Trends in Higher Education Funding
Trends in Higher Education Funding

By Liz Shay, Senior Grants Development Consultant - Higher Education


Institutes of higher education have a wide variety of grant programs available to support efforts on campus. Many different federal, state, and foundation funding sources focus either specifically on higher education or fund higher education projects as part of their larger grant funding priorities. Broadly speaking, this funding for higher education predominantly falls within three categories: student learning outcomes, workforce development, and faculty research. These major types of funding programs have remained relatively consistent over the last few decades. However, within these categories, specific funding priorities tend to shift due to political and cultural priorities. Read on for a deep dive into five of the current major funding trends in higher education.

Priority 1: Science, Technology, Engineering, and Mathematics (STEM)

STEM education has been a consistent area of focus for grant making for several years already and continues to be a major area of interest to this day. Most funders interested in STEM focus across all fields. There are some funders, as well as specific programs within some more broadly focused funders, however, who are interested only in particular areas within the STEM landscape. These more specific programs typically fund projects within areas of high job growth, such as computer science or advanced technologies. Funders are interested in helping students get the education required to enter in-demand STEM fields. Often aligned with this priority is a focus on fields where the United States would like to be more globally competitive. This can be in areas where US students’ test scores are lower than those of students in other countries or in areas where the US currently issues a large number of H-1B visas for non-US-citizens to work within the US.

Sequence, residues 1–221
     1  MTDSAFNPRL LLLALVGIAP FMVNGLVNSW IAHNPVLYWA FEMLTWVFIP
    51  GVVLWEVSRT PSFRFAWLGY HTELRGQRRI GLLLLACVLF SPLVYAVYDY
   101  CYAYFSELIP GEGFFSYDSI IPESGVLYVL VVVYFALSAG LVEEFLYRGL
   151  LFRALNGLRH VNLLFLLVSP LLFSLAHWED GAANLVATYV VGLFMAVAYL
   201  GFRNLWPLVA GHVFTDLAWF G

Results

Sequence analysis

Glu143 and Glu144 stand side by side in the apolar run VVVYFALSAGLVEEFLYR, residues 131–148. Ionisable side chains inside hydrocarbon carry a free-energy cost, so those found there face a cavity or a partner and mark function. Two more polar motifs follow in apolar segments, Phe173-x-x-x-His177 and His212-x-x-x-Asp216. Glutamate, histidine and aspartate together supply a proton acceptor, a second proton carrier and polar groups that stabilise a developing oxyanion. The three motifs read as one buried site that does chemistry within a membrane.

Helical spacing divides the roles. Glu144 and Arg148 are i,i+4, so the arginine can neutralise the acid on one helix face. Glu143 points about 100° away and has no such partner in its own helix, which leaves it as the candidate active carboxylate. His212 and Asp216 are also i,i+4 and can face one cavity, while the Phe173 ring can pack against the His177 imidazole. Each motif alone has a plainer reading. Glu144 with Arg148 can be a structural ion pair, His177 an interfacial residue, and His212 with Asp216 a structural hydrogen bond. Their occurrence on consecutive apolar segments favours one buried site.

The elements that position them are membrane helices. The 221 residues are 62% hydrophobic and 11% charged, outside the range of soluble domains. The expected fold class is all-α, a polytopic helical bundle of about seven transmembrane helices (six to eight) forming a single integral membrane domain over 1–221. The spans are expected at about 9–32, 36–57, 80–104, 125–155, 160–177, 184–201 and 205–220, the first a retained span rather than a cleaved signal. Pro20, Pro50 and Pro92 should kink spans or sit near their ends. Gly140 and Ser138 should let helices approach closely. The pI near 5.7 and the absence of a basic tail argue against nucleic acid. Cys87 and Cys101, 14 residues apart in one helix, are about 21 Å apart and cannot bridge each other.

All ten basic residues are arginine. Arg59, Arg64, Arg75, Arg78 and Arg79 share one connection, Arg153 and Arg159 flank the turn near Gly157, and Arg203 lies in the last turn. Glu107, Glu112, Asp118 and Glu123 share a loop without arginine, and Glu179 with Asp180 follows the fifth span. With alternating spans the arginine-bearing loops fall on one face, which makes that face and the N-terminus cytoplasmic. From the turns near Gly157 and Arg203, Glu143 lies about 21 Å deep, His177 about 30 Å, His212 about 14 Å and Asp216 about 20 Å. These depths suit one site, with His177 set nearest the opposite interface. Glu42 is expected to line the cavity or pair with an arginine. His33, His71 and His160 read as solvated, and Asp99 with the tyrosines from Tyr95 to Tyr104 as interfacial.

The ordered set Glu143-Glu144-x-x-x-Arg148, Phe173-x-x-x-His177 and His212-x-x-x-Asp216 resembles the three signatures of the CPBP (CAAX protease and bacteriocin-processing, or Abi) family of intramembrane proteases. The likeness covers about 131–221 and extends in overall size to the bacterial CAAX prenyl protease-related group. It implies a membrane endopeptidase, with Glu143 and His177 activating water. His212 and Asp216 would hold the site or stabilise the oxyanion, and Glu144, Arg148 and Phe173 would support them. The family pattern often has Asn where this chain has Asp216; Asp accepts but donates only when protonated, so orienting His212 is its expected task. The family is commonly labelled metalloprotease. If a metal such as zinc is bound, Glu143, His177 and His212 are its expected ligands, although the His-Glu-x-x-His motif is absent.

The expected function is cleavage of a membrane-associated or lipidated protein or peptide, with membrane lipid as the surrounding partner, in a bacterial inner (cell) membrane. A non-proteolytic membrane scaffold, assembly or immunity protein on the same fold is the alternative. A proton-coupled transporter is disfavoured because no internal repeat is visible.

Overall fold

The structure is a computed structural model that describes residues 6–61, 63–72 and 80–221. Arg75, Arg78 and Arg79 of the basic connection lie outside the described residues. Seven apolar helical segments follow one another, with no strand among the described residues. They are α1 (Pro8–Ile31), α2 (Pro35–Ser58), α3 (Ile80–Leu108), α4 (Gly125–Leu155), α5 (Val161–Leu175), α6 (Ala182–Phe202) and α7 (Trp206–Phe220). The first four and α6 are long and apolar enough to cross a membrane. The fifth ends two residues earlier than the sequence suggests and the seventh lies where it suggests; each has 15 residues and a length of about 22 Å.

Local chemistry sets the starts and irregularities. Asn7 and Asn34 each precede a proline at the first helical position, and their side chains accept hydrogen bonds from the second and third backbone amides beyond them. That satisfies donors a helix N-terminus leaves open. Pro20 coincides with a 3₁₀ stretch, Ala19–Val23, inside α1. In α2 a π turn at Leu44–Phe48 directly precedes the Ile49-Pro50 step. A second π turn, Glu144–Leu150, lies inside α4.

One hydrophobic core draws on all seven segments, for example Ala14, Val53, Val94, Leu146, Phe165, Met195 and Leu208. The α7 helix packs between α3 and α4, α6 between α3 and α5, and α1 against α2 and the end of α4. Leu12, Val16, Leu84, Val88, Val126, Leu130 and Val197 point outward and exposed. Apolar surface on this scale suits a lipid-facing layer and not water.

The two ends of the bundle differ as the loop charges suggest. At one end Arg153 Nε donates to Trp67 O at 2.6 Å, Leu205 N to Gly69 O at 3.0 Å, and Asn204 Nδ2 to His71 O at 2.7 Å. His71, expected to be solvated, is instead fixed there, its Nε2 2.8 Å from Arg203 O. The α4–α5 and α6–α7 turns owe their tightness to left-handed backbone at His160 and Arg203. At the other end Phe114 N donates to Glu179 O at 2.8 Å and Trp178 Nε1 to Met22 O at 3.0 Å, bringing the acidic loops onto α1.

Priority 2: Infrastructure Job Training